The future of education in the new millenium
What is DL?
Why do we need DL?
Who needs DL?
How effective is DL?
Factors affecting expansion of DL
Conclusion / Summary
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Factors affecting expansion of DL

The technological requirements for starting an effective, interactive distance learning program often require large capital outlays that exceed the initial costs for conventional institutions. Media costs (i.e., telephone, satellite, broadcast, software, etc.) increases a DL institution's fixed costs. Although DL research indicates that the long-term cost is less than that of a campus-based education, the decision to pursue traditional versus DL based projects is often determined by the institution's initial available capital. Furthermore, studies indicate that the economies of scale touted by DL proponents favors an open school or university with a large student base. Starting a program "from scratch" requires absorption of additional average costs until the student body is large enough to result in a reduction below the average cost per student at a traditional institution. The special and varying needs of DL also requires additional expenditures in faculty training. Finally, student study facilities may still be required for the financially disadvantaged students.

Although the technology exists to have nearly face-to-face interactions, the costs of such technology may still be beyond the reach of many institutions. The selection of appropriate communication technology must be weighed against their costs and availability. Unfortunately, less costly media forms often lack the ability to provide the interaction, immediate feedback, and reinforcement desired. Of course, the passing of time continues to bring a reduction in the cost of high end interactive technology.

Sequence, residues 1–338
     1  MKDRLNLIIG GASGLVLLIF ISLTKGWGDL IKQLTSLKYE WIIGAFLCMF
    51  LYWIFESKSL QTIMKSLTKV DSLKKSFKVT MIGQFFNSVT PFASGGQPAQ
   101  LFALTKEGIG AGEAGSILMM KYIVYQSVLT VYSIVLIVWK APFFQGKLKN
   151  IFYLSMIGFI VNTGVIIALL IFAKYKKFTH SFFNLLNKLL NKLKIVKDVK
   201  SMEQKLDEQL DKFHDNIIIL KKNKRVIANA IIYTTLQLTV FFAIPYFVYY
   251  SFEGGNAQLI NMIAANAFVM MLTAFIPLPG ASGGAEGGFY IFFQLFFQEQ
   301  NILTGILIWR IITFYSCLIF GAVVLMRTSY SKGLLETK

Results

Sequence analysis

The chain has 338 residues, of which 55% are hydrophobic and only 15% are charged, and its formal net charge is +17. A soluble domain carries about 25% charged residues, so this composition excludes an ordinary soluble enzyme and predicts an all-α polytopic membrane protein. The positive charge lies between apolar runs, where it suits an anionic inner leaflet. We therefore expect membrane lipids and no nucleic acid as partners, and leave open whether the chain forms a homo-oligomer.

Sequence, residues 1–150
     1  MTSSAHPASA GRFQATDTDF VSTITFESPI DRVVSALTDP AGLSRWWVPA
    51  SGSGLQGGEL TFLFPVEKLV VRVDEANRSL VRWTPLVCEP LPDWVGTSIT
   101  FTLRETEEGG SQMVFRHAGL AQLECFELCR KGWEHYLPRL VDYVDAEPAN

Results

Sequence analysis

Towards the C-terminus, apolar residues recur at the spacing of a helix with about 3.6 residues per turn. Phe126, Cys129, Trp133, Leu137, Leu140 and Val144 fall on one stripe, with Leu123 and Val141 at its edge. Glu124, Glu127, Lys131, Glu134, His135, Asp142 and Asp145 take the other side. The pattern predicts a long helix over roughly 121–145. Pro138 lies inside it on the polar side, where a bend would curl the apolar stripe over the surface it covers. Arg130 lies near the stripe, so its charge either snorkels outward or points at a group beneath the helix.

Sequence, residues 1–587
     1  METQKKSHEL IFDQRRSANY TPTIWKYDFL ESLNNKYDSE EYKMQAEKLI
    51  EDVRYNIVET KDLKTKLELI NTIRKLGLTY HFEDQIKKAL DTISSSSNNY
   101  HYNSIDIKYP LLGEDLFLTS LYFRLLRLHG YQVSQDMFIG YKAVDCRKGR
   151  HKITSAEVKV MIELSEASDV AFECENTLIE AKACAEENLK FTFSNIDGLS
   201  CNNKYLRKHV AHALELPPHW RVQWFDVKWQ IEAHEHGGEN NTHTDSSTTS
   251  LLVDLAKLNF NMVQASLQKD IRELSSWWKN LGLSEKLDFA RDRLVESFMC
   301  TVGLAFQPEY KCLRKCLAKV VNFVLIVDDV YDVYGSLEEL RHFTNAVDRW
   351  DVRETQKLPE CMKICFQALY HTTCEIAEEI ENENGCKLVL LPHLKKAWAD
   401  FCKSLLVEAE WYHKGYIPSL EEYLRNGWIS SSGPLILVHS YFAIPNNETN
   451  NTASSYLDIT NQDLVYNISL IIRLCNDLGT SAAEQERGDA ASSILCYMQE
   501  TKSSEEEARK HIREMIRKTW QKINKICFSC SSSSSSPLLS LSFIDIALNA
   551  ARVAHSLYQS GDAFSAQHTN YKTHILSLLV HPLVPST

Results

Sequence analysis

Programmed Learning
Many educators express concern over the predisposition of many DL programs toward programmed or multiple choice methods of learning. These concerns are of particular significance, especially where younger students are involved. The ability to remotely develop the personalities, analytical and interactive skills of children is in question, often leading to a failure to incorporate DL programs. However, many educators believe that DL can be an effective enhancement to conventional-based teaching methods, even at the elementary level. These DL proponents agree that it paves the way for the use of technology that may be encountered by these same students at higher education levels.

NCES Report
In the report on Distance Education by the National Center for Education Statistics, 1,500 U.S. higher education institutions were asked what factors were keeping them from starting or expanding their distance education course offerings. Program development costs (43 percent), limited technological infrastructure to support distance education (31 percent), and equipment failures and costs of maintaining equipment (23 percent) were among the major factors most frequently cited. (National Center for Education Statistics, 1997: 39)

Clearly, the implementation of DL programs is not without its difficulties. However, the future demands that will be imposed on our education system require that we make long-term decisions and set long-term goals for incorporating DL into our teaching methodology.